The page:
It is crucial for CVE responses to more meaningfully incorporate gender perspectives and address structural gender inequality as an essential part of prevention.
Terrorist groups have long recognised the importance of gender in their online propaganda and recruitment strategies. Yet, efforts to counter and prevent violent extremism online often fail to be gender-savvy. In many cases, these programmes themselves risk perpetuating gender stereotypes and inequality.
Islamic State of Iraq and the Levant (ISIL)
ISIL provides a prime example of the skilful use and exploitation of gendered grievances and vulnerabilities for terrorist purposes. ISIL appealed to male recruits by glorifying violence against women, offering them sex and sexual slavery as spoils of war. It was able to tap into male feelings of resentment and emasculation by constructing an idea of hyper-masculinity based on violence and the subjugation of women. ISIL also frequently used women and children in its propaganda to shame male audiences for not stepping up to fight for the so-called caliphate. These narratives were adapted to a range of online mediums.
ISIL was able to tap into male feelings of resentment and emasculation by constructing an idea of hyper-masculinity based on violence and the subjugation of women.
Similarly, ISIL has been able to tailor its messaging to women in different local contexts. For example, ISIL’s English and French propaganda materials targeting Muslim women in the West sought to project messages of female empowerment and a sense of purpose and belonging to those who felt marginalised in their communities and societies. Even if the promise of empowerment was a complete distortion of the reality that these women would find in the so-called caliphate, efforts to counter such narratives have not been equally adept at speaking to these gendered needs and desires. It is crucial for CVE responses to more meaningfully incorporate gender perspectives and address structural gender inequality as an essential part of prevention.
Extreme right-wing terrorism
Similar challenges confront us in addressing the threat of extreme right-wing terrorism (also referred to as racially and ethnically motivated terrorism). Extreme right-wing groups are sophisticated in their use of the Internet to recruit and radicalise. They use mainstream social media platforms to target new audiences outside the movement, and use non-mainstream platforms for in-group communication and radicalisation. Extreme right-wing terrorists have consistently adapted to new spaces and new online tools and have often been “early adopters” of those tools.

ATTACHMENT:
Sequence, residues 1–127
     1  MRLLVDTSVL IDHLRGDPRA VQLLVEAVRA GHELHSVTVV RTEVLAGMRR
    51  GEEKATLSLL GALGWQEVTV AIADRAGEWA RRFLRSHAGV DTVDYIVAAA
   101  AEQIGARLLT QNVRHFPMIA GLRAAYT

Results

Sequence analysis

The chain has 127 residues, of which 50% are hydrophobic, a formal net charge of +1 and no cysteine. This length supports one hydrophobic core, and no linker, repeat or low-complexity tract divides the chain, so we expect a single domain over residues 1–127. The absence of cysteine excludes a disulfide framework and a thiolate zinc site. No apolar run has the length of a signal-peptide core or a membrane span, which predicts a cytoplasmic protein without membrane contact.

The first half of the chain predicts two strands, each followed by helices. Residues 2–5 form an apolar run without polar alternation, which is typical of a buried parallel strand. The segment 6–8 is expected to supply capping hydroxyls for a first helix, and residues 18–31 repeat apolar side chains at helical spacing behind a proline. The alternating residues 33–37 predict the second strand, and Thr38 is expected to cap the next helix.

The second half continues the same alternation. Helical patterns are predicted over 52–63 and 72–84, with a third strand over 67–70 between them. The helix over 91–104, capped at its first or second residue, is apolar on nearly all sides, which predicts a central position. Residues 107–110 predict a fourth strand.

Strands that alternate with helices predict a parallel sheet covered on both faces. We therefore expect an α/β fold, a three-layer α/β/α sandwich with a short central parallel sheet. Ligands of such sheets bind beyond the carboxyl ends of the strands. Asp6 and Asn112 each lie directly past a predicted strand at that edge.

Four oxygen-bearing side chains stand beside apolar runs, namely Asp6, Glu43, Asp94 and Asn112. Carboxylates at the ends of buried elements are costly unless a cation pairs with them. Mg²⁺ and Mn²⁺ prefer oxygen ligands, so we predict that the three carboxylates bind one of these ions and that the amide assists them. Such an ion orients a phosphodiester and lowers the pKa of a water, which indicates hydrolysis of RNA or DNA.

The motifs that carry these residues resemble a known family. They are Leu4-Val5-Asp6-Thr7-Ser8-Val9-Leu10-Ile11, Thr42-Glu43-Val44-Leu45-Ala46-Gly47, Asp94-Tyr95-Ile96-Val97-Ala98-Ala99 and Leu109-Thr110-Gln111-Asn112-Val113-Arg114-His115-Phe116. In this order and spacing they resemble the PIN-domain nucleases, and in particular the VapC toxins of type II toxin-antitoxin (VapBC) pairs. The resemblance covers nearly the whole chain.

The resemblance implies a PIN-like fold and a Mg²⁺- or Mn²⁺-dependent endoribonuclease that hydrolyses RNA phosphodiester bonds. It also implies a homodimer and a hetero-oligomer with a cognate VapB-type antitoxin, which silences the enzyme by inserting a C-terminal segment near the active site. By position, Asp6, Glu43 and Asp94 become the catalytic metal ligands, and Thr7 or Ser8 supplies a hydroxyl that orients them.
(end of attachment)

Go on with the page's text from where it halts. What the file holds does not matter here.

Violent masculinity is seen as a response to fears that white men are losing power in an ever-changing, multicultural landscape and those fears are exploited by violent extremist groups in gendered propaganda and recruitment strategies.
Gender influences the ideology and discourse of white supremacists, Neo-Nazis and other extreme right-wing groups and impacts how they operate both online and offline. These movements variously blend racist and anti-immigrant narratives around “the survival of the nation” and “the great replacement” with the subjugation of women and promotion of their roles as mothers and housewives, particularly in low birth-rate countries. This rhetoric is often accompanied by the glorification or outright incitement to violence against women. These synergies allow misogynist groups in the so-called ‘manopshere’ to act as a gateway to violent extreme right-wing networks. Violent masculinity is seen as a response to fears that white men are losing power in an ever-changing, multicultural landscape and those fears are exploited by violent extremist groups in gendered propaganda and recruitment strategies.